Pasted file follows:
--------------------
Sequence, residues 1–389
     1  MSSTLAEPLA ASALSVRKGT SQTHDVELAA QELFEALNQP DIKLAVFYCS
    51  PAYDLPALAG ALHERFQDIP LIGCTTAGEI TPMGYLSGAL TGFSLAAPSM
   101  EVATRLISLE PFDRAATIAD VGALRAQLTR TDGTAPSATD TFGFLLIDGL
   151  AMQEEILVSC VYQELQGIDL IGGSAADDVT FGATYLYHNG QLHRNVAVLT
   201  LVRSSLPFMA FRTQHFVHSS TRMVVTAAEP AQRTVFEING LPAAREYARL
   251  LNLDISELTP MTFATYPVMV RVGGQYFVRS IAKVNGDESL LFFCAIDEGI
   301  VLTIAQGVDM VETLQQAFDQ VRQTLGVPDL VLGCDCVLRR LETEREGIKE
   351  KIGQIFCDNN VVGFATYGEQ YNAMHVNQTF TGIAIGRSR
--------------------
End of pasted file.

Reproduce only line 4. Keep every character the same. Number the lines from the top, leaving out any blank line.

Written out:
   101  EVATRLISLE PFDRAATIAD VGALRAQLTR TDGTAPSATD TFGFLLIDGL